Remembering Anthony

We learnt from his wife that Anthony passed away peacefully on 4 May 2024 before 6 pm at the Hong Kong Sanatorium. We had left the hospital just after 4 pm, having learnt at lunch from our friend – another Anthony – that his conditions had deteriorated during the last week after an operation which did not go well.

Anthony was a perpetual and born optimist. He believed in living life to the fullest and would spend every second as happily and as meaningfully as he could, by his standards of course. He had a collection of doctor specialists whose tasks they were to take his pains and miseries away so that he could enjoy to the fullest the rest of it, so that he could indulge in the food and wine – which were all fine wines – and whatever he wanted to do. Nevertheless, he also followed a regime to have his constitution examined regularly – something like every three years – so that he could take any necessary follow up actions in case the reports reviewed anything unusual. It happened that he took the last one in March 2024 with a Dr. Wong who was a fellow wine connoisseur and with whom he had established rapport on most things including of course their favourite vintage wines. Dr. Wong asked him to return for another X-ray or inspection after which he referred him to another specialist who would conduct an operation to remove an organ that didn’t seem to be of much use in the scheme of things, but which might cause harm to his constitution in general. The doctors had planned the logistics carefully and in detail. He was to be admitted to Hong Kong Sanatorium on 13 April 2024 for a routine operation to have that specific organ surgically removed. Anthony didn’t think too much of the order from the medical doctor and told all his friends that he would be out of action for about a month, but that he was not sure whether he could enjoy his collection of fine wines afterwards. It would depend on the operation on 13 April. We last met at our regular luncheon at CRC on 6 April when Su ordered some birthday buns ostensibly for an early celebration of my ID card birthday that would fall on the next day. It was a happy occasion, but looking back, it was our last serious meeting – a reminder indeed of the impermanence of life.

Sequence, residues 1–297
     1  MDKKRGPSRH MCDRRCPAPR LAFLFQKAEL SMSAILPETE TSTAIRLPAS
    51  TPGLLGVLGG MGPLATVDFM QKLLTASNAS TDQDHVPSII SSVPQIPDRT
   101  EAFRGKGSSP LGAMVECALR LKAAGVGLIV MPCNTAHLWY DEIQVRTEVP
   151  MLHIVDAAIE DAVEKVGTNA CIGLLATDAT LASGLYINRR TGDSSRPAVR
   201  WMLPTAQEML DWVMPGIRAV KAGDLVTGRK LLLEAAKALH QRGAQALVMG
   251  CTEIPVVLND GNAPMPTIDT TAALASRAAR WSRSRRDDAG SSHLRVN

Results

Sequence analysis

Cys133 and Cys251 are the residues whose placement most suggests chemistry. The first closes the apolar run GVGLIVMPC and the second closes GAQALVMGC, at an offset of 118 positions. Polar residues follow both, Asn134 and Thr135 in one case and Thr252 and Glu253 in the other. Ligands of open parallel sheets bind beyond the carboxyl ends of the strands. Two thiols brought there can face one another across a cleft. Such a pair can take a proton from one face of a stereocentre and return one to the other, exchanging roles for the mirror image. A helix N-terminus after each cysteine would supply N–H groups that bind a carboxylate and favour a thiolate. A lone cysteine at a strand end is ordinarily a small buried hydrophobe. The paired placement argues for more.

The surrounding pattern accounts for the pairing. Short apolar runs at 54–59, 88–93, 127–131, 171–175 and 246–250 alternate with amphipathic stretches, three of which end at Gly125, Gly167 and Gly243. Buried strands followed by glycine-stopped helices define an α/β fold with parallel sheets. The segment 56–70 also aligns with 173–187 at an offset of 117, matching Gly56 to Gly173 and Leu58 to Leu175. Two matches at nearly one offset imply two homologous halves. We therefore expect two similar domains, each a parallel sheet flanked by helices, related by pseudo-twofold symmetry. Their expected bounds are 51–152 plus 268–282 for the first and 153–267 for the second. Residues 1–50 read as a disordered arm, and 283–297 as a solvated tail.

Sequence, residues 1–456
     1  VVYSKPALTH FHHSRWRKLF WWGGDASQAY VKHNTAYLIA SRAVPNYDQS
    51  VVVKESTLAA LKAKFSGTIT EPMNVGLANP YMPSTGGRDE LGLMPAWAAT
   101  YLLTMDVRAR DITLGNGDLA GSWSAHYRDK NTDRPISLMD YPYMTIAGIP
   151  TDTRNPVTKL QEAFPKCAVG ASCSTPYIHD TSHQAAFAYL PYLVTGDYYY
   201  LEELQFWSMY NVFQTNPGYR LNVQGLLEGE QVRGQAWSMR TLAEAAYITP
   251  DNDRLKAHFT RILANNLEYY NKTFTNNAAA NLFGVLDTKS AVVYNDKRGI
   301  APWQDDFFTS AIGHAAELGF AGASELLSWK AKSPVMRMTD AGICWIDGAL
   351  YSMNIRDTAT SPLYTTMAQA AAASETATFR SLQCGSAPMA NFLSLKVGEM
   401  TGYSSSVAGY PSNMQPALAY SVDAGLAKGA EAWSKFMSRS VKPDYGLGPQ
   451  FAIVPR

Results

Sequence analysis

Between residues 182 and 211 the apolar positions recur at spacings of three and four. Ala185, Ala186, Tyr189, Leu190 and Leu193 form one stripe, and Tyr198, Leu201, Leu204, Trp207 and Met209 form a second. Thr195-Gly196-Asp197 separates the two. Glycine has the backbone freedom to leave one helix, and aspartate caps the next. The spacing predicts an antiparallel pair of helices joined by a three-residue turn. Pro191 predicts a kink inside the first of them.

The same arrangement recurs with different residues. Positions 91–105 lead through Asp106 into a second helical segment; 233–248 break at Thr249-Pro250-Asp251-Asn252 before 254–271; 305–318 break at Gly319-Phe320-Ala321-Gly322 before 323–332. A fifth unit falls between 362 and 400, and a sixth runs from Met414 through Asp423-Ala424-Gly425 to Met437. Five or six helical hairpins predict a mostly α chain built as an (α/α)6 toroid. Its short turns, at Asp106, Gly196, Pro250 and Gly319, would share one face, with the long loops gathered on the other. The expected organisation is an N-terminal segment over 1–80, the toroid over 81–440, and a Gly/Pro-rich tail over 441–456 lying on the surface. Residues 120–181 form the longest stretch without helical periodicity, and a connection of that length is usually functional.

We then went on a Rotary related trip to Taiwan – which was reported in another blog – and at the regular CRC luncheon on 27 April, learnt that Anthony was re-admitted because the white blood cells were working in overdrive. We didn’t think too much of that at the time, but a week later, which brought us to yesterday, we learnt of the seriousness of the situation over lunch and hurriedly gathered ourselves in Room 3501 at Hong Kong Sanatorium. He was rather weak, but alert. He was cognizant and tried hard to respond. The rest was history.

I would leave others to document what transpired between 13 April and yesterday, but let me try to recall what happened since September 1958 when I came to know of him.